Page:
The Cottages - these may once have been lodge building for Bramley House
Woodbury.  This was built as Clay Hill House for Joseph Toms of Derry and Toms.  It lies in grounds with Victorian planting.  It is an Italianate house of 1860 in pale brick. Now a residential care home.
Clay Hill Lodge. 19th ornamental lodge now divided into two.
Kingswood –equestrian facilities
Little Pipers.  This lies behind a high wall and is a 19th casing on an older house.
The Firs, elaborate 19th stucco house.
Rose and Crown.  The oldest building in the area. It is said one of the landlords was Dick Turpin’s grandfather and that they were a Huguenot family. The ghost of the highwayman is around in the area too. It has a timber frame and brick front plus later extensions. The pub name symbolises the union of York and Lancaster in the marriage of Henry VI and Elizabeth of York. It is first noted in 1716.

Gloucester Road,
Laid out 1896

Hawthorn Grove
Laid out 1876 by the Birkbeck Freehold Land Society
North Enfield Recreation Ground. This had been Tucker’s Field used as a playing field by a local football club since 1896.  The council took it over in 1907. It was later funded from the King George's Fields Foundation

Hilly Fields Park.
Enfield Council bought Park Farm in 1909 and opened the park in 1911
Bandstand. The Council built the bandstand in the early 1920s and it proved popular but began eventually to fall out of fashion and the bandstand became derelict. Its restoration was undertaken by a group of local people and it is now the site of many events.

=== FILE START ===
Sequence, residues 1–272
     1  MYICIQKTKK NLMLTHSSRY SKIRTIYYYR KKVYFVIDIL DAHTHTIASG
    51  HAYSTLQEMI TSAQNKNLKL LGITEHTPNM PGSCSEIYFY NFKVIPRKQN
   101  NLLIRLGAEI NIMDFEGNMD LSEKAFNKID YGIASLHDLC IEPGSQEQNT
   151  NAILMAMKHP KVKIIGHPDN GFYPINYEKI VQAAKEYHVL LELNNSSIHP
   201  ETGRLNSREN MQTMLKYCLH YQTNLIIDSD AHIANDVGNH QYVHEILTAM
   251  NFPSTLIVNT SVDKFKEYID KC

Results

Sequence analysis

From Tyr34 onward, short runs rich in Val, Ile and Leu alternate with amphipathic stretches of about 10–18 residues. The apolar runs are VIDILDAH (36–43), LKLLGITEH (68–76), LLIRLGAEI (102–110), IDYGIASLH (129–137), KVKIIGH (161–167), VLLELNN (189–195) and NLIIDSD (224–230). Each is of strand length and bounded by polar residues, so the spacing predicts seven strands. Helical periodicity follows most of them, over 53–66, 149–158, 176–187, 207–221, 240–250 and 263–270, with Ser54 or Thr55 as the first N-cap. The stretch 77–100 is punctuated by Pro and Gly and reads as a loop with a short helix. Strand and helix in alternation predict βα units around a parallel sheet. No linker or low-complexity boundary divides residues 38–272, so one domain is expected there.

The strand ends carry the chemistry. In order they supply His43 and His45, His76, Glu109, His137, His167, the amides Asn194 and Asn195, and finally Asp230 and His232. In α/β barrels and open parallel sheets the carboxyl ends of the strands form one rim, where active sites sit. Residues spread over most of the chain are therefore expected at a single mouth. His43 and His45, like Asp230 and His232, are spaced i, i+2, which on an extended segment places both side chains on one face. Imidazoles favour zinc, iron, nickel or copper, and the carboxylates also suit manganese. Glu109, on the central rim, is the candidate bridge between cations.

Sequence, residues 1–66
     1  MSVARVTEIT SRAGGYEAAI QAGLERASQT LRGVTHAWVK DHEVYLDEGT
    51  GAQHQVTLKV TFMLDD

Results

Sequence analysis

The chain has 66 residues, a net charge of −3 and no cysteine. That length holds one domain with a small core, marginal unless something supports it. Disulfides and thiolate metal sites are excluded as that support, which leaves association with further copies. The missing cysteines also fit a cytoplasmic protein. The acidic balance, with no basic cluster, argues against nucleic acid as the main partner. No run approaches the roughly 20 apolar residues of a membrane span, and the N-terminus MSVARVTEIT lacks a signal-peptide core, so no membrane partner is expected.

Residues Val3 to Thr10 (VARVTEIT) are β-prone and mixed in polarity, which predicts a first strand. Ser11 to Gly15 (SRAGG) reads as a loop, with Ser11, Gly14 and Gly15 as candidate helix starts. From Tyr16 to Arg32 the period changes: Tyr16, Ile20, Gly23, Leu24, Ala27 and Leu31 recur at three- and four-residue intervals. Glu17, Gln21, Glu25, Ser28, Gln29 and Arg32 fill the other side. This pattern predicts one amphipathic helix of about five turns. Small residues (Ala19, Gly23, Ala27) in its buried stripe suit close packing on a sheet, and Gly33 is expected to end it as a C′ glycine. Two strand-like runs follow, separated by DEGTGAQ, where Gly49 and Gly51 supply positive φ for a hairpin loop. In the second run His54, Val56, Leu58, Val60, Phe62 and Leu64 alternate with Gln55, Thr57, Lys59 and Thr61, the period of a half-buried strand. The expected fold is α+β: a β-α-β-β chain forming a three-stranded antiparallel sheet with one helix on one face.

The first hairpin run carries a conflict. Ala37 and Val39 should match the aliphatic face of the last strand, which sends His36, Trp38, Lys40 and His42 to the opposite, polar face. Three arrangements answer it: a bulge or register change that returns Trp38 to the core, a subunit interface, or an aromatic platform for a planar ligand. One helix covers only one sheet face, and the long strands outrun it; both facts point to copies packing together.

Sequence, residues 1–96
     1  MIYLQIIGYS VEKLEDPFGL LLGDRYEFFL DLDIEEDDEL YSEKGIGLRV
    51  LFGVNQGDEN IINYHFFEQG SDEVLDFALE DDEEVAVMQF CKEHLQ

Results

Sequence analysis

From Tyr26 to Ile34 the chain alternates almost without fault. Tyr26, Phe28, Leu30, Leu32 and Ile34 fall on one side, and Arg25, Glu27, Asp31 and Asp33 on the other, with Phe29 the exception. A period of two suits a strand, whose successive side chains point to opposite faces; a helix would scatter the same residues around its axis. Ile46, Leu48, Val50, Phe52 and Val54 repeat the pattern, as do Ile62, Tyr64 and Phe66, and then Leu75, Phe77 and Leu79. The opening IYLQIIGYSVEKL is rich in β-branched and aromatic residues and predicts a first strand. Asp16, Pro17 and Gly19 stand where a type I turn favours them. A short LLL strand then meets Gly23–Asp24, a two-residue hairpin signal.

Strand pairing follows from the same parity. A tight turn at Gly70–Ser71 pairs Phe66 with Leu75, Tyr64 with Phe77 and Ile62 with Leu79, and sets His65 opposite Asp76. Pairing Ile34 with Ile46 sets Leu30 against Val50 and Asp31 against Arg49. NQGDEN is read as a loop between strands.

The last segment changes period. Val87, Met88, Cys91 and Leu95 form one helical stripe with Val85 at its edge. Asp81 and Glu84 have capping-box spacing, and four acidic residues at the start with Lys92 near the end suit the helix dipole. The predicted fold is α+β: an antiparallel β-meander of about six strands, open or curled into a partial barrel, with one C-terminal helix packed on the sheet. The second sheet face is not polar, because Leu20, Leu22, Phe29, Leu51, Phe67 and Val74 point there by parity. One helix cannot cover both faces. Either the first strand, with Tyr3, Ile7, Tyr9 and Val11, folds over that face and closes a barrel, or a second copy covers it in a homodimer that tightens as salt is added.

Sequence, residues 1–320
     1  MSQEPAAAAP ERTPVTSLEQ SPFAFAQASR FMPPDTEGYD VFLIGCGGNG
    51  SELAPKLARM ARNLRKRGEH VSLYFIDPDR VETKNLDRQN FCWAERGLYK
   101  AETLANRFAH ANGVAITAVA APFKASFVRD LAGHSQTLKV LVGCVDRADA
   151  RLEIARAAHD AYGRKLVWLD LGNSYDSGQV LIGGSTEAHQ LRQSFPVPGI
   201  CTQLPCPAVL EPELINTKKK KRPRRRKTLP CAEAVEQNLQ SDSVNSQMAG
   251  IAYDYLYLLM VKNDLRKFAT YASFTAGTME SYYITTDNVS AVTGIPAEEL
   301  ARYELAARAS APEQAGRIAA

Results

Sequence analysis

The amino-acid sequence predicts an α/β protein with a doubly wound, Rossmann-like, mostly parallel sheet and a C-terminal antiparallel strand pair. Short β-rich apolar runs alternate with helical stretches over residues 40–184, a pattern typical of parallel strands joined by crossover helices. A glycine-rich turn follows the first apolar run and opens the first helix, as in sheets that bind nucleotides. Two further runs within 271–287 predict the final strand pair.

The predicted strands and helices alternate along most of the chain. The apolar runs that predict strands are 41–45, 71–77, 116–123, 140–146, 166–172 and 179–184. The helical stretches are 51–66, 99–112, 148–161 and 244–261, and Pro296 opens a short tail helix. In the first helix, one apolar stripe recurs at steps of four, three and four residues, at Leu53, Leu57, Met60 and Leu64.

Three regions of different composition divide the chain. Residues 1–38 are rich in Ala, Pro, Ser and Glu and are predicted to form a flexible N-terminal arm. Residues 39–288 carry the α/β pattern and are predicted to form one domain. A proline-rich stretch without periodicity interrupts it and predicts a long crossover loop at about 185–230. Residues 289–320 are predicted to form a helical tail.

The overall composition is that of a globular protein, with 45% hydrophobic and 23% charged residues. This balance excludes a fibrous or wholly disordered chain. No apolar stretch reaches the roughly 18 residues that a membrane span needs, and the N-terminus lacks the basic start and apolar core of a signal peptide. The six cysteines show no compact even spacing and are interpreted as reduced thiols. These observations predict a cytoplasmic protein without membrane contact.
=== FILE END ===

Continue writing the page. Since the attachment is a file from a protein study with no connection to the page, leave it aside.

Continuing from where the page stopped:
Morley Hill
Laid out by the Birkbeck Freehold Land Society Possibly named after John Morley (1838-1923), a leading Liberal politician.
St Luke’s Youth Club

Myrtle Grove
Laid out 1876 by the Birkbeck Freehold Land Society

New River
An old course of the New River runs through this square.  The river was originally built on the 100 ft. contour. In order to achieve this it made a three and half mile detour through Whitewebbs - its return out of the loop which this area covers was to skirt Forty Hill.  In 1820 the loop was shortened under William Chadwell Mylne and it was finally abandoned when Docwra built an aqueduct over Maidens Brook. The stretch of the old course can still be followed, although over the golf course it has partly been filled in.

Phipps Hatch Lane
The name recalls a former gate to Enfield Chase.

Turkey Brook
There is a boardwalk on the muddy bits in the woods.

Violet Grove
Laid out 1876 by the Birkbeck Freehold Land Society

Woodbine Grove
Laid out 1876 by the Birkbeck Freehold Land Society

Brigadier Free Church. Web site
Essex Lopresti, The New River
London Borough of Enfield. Web site
Lost Hospitals of London. Web site
Pam. History of Enfield
Pevsner and Cherry. North London
Rose and Crown. Web site
St.Luke. Web site
Whitewebbs Golf Club. Web site


Anonymous said…
Thank you for putting up this blog! I spent a couple of hours yesterday reading the South London section (as it's more relevant to me) and I was hooked.
Anonymous said…
Why were so many roads named after medicinal plants? Were they used to supply London hospitals?